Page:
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Acute aminoglycoside overdose : management and risks

Book Contribution - Book Abstract Conference Contribution

Aims/Purpose: Aminoglycosides have a narrow therapeutic range and therapeutic drug monitoring (TDM) is widely used to prevent nephroand ototoxicity during prolonged therapy. However, the management and risks of an acute overdose of aminoglycosides are less well-known. We describe the case of a young child who received an amikacin overdose together with an overview of management strategies and toxicity risks, based on a literature review. Methods: A systematic literature search for cases of acute aminoglycoside overdoses was performed in PubMed and Embase. Results: Case. An amikacin dose of 125 mg/kg (recommended dose: 15 mg/kg q24h) was accidentally administered to a girl of fve months old with pyelonephritis and normal renal function. On the advice of the Belgian Poison Center and the pediatric nephrologists, she was started on intermittent hemodialysis. Hemodialysis was initiated seven hours after administration and continued for four hours until subtherapeutic trough plasma levels were reached. Amikacin levels showed a rapid decline before the start of (half life: 1.6 h) and during (half life: 1 h) hemodialysis. No toxic efects were observed during follow-up. Literature review. 22 cases on acute aminoglycoside overdoses have been published. Most cases involve children (15), the majority being neonates (10). Various treatment strategies have been applied: supportive therapy (intravenous hydration, monitoring of the vital signs and renal function, and aminoglycoside TDM), hemodialysis, peritoneal dialysis, and exchange transfusion. From these interventions, intermittent hemodialysis is most efective at removing aminoglycosides from the body. Nine out of the 22 patients (40%) experienced nephro-, oto- and/ or neurotoxic efects. These patients included three adults with severe renal or hepatic impairment and four neonates. The incidence of toxicity did not differ between patients on supportive therapy and those treated with hemodialysis. Conclusion: Because of their low molecular mass, small volume of distribution, and low protein binding, aminoglycosides are efficiently removed from the body by extracorporeal treatments. However, scientifc evidence on the added value of hemodialysis above supportive therapy for acute aminoglycoside overdoses is scarce and mainly based on expert opinion, except in patients with pre-existing renal impairment. When hemodialysis is preferred, it is advisable to start as fast as possible with high-fux intermittent hemodialysis. The risk of toxicity from an acute overdose appears to be low in patients without comorbidities and a normal renal clearance.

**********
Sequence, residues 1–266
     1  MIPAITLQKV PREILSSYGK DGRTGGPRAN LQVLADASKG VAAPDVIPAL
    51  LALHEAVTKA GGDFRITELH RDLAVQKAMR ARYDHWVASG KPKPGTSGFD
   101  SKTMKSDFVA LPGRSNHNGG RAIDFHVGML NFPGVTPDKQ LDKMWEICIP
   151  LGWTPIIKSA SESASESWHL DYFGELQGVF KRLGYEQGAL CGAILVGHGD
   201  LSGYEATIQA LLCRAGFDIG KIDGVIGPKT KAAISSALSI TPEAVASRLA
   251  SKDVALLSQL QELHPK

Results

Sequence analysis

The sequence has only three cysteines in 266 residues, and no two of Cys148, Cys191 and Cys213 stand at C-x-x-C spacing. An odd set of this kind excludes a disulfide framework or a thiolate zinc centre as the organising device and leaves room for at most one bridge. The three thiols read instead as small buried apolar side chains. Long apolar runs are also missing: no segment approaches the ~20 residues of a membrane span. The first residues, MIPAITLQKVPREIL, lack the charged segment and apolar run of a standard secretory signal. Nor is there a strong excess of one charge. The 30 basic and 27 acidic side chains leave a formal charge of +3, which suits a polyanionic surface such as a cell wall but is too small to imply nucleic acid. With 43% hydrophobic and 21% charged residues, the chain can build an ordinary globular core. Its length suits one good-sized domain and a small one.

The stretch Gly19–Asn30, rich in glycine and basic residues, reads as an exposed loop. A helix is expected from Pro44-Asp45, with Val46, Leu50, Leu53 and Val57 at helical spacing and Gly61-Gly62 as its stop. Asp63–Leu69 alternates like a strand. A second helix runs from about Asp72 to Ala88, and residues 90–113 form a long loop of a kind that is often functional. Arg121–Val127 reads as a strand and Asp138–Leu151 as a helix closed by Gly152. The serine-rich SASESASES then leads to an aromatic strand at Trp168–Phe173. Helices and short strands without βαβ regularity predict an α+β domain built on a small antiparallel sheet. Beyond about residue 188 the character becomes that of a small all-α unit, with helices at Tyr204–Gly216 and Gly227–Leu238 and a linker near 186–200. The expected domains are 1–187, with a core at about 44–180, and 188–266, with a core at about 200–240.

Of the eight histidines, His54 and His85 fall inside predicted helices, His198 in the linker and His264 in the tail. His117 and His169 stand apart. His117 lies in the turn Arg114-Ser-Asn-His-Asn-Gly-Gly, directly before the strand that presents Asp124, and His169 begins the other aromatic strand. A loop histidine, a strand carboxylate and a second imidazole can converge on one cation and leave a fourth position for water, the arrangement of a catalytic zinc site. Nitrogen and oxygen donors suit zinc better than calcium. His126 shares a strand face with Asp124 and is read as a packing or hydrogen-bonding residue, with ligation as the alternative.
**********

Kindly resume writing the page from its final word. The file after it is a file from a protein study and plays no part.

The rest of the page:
Volume: 38
Pages: S66 - S67
Publication year:2023